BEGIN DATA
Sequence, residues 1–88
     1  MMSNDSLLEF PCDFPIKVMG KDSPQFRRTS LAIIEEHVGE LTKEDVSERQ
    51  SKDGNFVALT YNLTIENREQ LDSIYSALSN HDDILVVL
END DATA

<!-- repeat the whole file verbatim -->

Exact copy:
Sequence, residues 1–88
     1  MMSNDSLLEF PCDFPIKVMG KDSPQFRRTS LAIIEEHVGE LTKEDVSERQ
    51  SKDGNFVALT YNLTIENREQ LDSIYSALSN HDDILVVL